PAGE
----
Do Police Have to Read Miranda Rights When Arresting for DUI in Salt Lake?

DUI stands for driving under the influence.  It’s also called drunk driving or intoxicated driving, and can be charged due to alcohol use, drug use, or both.  Whatever you call it, it’s a common crime in Utah, leading to thousands of arrests every year.  Hopefully, you will never find yourself in a position where you are under arrest for DUI; but if you do, you should know about your legal rights when it happens. Salt Lake City DUI defense lawyer Darwin Overson explains whether the police have to read you your Miranda Rights when you are arrested for drunk driving in Utah.

What is the Miranda Warning? What Are Your Miranda Rights?

According to the Utah Commission on Criminal and Juvenile Justice, just over 10,900 people were arrested for intoxicated driving in Utah in 2014.  About three quarters of these people were male, and more than 10% were under the legal drinking age of 21.  Most of the arrests – nearly 72% – took place in Weber County, Utah County, Davis County, or Salt Lake County.

Regardless of where in Utah a DUI arrest occurs, the arrestee has certain legal rights.  In fact, you’re probably already familiar with some of them.  Thanks to movies and TV, you almost certainly know that “You have the right to remain silent,” that “Anything you say may be used against you in a court of law,” and that “You have the right to consult an attorney before speaking to the police and to have an attorney present during questioning.”

Of course, movies and TV aren’t usually the best source of legal information.  However, in this case, the quote is actually lifted straight from reality.  It’s called the Miranda Warning, and the rights enumerated within it are your “Miranda Rights.”

The name comes from a 1966 court case called Miranda v. Arizona, in which the United States Supreme Court ruled that the prosecution could not use the defendant, Ernesto Miranda’s, confession to rape and kidnapping because the interrogating officers failed to warn Miranda that he had the right to an attorney, as well as the right against self-incrimination, which are respectively based in the Sixth and Fifth Amendments to the U.S. Constitution.

The language of the Miranda Warning is rather straightforward, so the question here is not what your Miranda Rights are.  The real question is whether those rights must be read to you during a DUI arrest – and what might happen if they aren’t.

What Happens if the Police Fail to Read Your Miranda Rights During a DUI Arrest in Utah?

It is commonly said that if the police fail to read you the Miranda Warning, your case must be dismissed.  In reality, it’s more complex.  In some instances, failure to read the Miranda Warning has significant bearing on the outcome of a case.  An experienced West Valley City DUI lawyer like Darwin Overson can determine how the Miranda Warning applies to your case, and fight aggressively to have evidence suppressed where appropriate.

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The police are only required to read you your Miranda Rights if you are in custody, before you start being interrogated.  Consider the following two hypothetical scenarios:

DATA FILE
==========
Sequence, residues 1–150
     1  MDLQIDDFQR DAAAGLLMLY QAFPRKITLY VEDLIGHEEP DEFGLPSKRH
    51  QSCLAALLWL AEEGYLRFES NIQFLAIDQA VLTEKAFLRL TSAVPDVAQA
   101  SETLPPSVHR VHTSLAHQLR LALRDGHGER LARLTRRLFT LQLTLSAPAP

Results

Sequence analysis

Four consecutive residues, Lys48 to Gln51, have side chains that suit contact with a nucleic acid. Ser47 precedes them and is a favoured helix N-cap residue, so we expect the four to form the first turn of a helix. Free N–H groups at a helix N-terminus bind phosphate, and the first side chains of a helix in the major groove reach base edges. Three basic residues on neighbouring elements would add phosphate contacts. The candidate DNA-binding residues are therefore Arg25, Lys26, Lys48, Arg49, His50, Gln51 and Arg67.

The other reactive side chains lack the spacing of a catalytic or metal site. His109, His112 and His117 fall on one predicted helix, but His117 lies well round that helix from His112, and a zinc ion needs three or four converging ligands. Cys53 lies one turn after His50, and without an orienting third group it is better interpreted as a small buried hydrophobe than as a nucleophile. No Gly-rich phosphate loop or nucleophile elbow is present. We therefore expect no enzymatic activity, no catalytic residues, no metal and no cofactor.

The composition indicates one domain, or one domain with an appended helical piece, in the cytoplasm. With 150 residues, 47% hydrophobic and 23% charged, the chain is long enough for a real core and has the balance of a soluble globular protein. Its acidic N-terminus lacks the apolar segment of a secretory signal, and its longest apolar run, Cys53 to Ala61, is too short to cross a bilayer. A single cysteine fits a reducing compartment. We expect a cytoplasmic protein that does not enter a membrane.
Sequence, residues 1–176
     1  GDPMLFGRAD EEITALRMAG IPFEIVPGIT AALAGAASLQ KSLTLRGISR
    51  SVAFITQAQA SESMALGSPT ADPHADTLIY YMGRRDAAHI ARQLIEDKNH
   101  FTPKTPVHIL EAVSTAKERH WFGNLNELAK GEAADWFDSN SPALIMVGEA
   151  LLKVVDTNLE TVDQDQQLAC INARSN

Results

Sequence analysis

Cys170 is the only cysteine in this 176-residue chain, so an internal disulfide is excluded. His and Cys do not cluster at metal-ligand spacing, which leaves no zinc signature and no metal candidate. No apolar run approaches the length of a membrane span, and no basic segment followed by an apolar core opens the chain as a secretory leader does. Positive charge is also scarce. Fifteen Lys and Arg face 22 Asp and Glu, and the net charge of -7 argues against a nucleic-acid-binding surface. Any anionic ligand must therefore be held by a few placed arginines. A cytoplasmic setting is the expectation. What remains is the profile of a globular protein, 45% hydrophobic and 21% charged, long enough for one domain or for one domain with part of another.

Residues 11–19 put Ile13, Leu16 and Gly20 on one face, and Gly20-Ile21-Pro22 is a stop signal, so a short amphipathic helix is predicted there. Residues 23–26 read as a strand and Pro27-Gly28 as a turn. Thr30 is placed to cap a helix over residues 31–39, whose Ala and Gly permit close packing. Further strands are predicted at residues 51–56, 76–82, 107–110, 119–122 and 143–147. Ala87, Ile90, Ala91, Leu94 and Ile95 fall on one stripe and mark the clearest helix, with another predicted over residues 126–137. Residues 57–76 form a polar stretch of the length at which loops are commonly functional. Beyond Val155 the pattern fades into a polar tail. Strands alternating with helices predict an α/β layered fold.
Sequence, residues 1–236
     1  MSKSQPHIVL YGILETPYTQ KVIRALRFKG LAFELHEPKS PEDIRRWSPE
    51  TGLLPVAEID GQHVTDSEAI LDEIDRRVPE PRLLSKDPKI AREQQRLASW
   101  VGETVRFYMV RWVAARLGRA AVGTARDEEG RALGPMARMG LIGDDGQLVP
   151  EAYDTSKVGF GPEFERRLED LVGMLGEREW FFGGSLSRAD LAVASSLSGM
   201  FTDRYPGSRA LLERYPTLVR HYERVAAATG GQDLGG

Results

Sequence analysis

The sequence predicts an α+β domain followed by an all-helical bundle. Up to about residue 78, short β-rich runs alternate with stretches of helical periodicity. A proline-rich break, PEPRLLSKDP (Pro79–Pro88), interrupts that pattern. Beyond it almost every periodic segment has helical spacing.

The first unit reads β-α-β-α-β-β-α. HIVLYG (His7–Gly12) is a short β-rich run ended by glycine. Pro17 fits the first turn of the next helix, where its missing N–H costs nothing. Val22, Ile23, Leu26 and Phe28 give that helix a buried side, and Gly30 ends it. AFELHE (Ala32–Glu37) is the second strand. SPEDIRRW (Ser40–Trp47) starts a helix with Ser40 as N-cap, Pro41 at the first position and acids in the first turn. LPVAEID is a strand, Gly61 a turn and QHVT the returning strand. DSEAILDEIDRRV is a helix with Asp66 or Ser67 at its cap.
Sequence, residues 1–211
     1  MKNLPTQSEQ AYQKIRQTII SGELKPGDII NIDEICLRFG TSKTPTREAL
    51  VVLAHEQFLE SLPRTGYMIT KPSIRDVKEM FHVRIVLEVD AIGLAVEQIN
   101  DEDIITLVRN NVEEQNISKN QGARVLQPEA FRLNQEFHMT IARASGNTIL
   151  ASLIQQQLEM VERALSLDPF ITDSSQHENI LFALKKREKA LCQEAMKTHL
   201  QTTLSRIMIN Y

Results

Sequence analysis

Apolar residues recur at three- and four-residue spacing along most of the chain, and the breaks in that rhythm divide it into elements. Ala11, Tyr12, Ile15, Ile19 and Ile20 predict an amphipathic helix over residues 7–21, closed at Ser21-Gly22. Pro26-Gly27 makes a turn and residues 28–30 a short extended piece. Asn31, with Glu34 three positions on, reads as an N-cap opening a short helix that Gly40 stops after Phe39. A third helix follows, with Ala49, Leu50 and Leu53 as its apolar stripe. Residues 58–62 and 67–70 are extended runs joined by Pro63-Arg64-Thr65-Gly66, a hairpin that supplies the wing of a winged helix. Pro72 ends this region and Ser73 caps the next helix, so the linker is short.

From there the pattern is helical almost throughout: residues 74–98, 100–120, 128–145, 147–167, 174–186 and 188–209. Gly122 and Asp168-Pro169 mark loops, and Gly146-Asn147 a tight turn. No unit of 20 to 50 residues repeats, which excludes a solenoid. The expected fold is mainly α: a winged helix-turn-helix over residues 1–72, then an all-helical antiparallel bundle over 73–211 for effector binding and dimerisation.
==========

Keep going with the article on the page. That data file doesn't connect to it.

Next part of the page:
• Scenario A – An officer notices Person A driving erratically, and pulls them over.  Before the officer can say anything, Person A starts talking about how they only had one beer, or how it’s been hours since they had anything to drink.  Person A was not under arrest when they made that statement, so it can be used against them in court later, even if the Miranda Warning was not read.
  • Scenario B – An officer notices Person B driving erratically, and pulls them over.  After conducting field sobriety tests, the officer places the Person B under arrest for DUI and puts them in the back of the police car.

Understandably anxious, Person B starts to make the same statement as Person A – that they only had one beer, or that it’s been hours since they had a drink.  But because Person B was in custody when that statement was made, the officer’s failure to read the Miranda Warning beforehand could potentially render the statement inadmissible in court later.  Evidence arising from a Miranda violation can potentially be suppressed (meaning it cannot be used at trial) because it is “fruit of the poisonous tree,” a concept that’s explained in our article on your rights during a police interrogation.

Contact a DUI Attorney in Utah if You Were Charged with Drunk Driving

It is critically important to consult with a Sandy DUI defense attorney or South Jordan DUI lawyer if you or a family member has been charged with intoxicated driving in Salt Lake County.  The repercussions of Miranda violations vary from case to case, and revolve around nuanced legal questions: Were you in police custody? Were you actually going to be interrogated?  When was the breathalyzer test administered?  What other defenses might be applicable in your case? An experienced DUI attorney will be able to analyze these questions and develop a legal strategy suited to your case.

If you or one of your loved ones was charged with DUI in Salt Lake City, you may be interested in reading about DUI charges in Utah for more information.  You should also contact our law offices for a free and confidential legal consultation.  Don’t wait until it’s too late: call (801) 758-2287 to start discussing your situation today.